Taylor McAden is a volunteer fireman who is always the first to plunge into danger. But there is one risk he can’t seem to take: falling in love. Then he meets Denise Holden, a single mother who has moved to the small town of Edenton, North Carolina, to build a new life. A near fatal car crash will bring these two together; but before that can happen, Taylor must first look into his past and see if it’s not too late to take a chance on the future.
“All of Sparks’s trademark elements – love, loss, and small town life – are present in this terrific read.” (Amazon.com)
This book is an engaging pictoral history that celebrates early 20th century lifestyles enjoyed by community members of the first unofficial colonial capital. Readers will visit ancestral plantations and the ancient labor of seine net fishing, while the Norfolk and Southern railcar-steamship “John W. Garrett” plies once again across the Albemarle Sound.
About the Author
Louis Van Camp, photographer and author of three Eastern North Carolina histories, has once again compiled an intriguing pathway that chronicles the storied past of a Tarheel community.
The story of two North Carolinians returning to seek their roots in the state’s eastern provinces, Into the Sound Country offers an affectionate, impressionistic, and personal portrait of the coastal plain and its richly varied natural world, as seen by two natives of the region. 61 illustrations. 3 maps.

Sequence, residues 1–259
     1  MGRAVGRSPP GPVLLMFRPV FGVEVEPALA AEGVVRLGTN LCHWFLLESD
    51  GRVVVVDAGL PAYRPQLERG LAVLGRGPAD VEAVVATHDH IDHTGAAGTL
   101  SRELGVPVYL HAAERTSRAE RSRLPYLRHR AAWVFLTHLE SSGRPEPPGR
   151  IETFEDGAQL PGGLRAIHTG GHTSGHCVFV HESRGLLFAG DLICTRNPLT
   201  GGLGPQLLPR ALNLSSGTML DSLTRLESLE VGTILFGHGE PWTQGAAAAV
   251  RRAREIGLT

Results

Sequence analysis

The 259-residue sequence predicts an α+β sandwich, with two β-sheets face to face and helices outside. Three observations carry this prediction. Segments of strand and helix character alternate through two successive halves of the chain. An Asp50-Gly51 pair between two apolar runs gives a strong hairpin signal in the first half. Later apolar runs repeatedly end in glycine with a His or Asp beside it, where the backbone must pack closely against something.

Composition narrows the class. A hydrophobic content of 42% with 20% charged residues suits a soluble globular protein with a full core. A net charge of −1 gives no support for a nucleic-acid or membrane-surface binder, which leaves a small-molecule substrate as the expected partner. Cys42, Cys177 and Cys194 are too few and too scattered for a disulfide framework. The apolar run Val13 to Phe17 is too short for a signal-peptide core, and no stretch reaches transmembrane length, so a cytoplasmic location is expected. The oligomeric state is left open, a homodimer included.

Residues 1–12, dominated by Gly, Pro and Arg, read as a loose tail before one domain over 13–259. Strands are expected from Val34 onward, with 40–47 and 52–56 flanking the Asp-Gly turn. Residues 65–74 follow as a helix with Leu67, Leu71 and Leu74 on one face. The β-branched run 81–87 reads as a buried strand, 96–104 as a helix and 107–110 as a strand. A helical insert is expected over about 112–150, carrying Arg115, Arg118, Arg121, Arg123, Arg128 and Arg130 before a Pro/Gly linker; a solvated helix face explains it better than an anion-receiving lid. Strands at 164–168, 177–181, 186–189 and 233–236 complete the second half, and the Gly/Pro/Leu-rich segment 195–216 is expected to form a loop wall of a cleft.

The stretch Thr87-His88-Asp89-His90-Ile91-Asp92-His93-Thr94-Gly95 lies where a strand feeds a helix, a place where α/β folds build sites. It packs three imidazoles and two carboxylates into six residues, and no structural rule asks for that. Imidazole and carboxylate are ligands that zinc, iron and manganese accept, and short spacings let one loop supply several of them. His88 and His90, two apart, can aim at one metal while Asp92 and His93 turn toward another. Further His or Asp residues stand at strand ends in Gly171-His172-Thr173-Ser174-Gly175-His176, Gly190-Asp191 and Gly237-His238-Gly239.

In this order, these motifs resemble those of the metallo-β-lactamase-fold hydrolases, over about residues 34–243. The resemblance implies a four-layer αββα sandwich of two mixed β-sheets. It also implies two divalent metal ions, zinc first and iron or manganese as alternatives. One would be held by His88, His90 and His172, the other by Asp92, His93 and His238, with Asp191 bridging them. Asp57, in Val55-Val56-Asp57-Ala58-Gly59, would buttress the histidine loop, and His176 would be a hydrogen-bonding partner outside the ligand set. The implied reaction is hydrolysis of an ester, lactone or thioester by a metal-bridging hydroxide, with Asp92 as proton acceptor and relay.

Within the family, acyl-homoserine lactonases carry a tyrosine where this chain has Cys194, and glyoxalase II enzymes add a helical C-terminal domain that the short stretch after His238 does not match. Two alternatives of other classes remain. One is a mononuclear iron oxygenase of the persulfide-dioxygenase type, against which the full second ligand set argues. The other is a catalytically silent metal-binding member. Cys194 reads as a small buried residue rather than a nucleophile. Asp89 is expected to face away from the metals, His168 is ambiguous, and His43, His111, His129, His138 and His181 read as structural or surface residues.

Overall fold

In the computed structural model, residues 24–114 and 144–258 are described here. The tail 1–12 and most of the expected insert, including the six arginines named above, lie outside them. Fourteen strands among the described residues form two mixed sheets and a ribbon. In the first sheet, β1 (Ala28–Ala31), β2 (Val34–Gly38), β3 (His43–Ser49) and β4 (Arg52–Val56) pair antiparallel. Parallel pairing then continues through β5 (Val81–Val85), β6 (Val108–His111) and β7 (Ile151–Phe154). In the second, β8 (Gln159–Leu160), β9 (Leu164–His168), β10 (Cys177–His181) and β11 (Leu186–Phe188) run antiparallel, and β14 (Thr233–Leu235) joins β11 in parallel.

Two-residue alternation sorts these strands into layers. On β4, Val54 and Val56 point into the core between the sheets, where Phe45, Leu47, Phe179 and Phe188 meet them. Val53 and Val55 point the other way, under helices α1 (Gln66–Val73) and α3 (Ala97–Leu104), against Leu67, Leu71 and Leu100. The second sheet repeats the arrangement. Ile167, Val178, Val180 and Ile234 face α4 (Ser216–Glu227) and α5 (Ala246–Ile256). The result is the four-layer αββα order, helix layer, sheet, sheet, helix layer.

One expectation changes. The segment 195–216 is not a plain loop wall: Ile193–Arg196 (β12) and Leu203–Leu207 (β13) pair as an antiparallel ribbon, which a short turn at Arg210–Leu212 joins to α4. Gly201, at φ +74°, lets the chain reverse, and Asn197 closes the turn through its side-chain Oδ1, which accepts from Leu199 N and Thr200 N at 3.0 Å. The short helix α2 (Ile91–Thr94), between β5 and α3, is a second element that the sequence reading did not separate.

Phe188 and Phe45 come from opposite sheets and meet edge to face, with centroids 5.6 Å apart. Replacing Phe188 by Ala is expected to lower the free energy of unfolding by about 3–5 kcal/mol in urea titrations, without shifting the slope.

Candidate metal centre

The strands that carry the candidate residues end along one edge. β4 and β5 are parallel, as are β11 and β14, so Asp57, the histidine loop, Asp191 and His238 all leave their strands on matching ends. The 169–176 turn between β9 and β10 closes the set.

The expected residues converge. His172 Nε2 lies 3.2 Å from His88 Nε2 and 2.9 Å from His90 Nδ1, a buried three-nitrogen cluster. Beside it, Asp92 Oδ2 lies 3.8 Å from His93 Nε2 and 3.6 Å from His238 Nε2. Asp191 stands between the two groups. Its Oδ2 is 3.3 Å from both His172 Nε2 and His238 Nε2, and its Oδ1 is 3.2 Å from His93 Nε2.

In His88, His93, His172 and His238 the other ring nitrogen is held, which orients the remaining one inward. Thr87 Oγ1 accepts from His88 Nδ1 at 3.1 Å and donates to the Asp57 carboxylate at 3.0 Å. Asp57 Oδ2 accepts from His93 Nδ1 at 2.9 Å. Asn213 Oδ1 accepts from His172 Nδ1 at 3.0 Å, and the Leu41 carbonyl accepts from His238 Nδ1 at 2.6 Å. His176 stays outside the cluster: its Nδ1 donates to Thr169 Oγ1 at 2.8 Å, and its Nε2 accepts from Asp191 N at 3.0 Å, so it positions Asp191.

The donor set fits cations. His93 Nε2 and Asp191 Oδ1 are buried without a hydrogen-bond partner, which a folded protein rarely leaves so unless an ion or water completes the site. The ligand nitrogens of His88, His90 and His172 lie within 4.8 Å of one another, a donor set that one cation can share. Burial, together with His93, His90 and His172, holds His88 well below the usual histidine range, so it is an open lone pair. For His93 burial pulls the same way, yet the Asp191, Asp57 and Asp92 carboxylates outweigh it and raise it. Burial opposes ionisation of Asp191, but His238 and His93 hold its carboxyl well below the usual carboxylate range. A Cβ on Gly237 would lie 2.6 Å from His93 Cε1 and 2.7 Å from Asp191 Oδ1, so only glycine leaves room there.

Evidence that the North Carolina shore is changing is never hard to find, but recently the devastation wrought by Hurricane Fran and the perilous situation of the historic lighthouse at Cape Hatteras have reminded all concerned of the fragility of this coast. Arguing for a policy of intelligent development, one in which residential and commercial structures meet rather than confront the changing nature of the shore, the authors have included practical information on hazards of many kinds–storms, tides, floods, erosion, island migration, and earthquakes.
Diagrams and photographs clearly illustrate coastal processes and aid in understanding the impact of hurricanes and northeasters, wave and current dynamics, as well as pollution and other environmental destruction due to overdevelopment. A chapter on estuaries provides related information on the shores of back barrier areas that are growing in popularity for recreational residences. Risk maps focus on the natural hazards of each island and, together with construction guidelines, provide a basis for informed island management. Finally, the dynamics of coastal politics and management are reviewed through an analysis of the controversies over the decision to move the Cape Hatteras lighthouse and a proposed effort to stabilize Oregon inlet.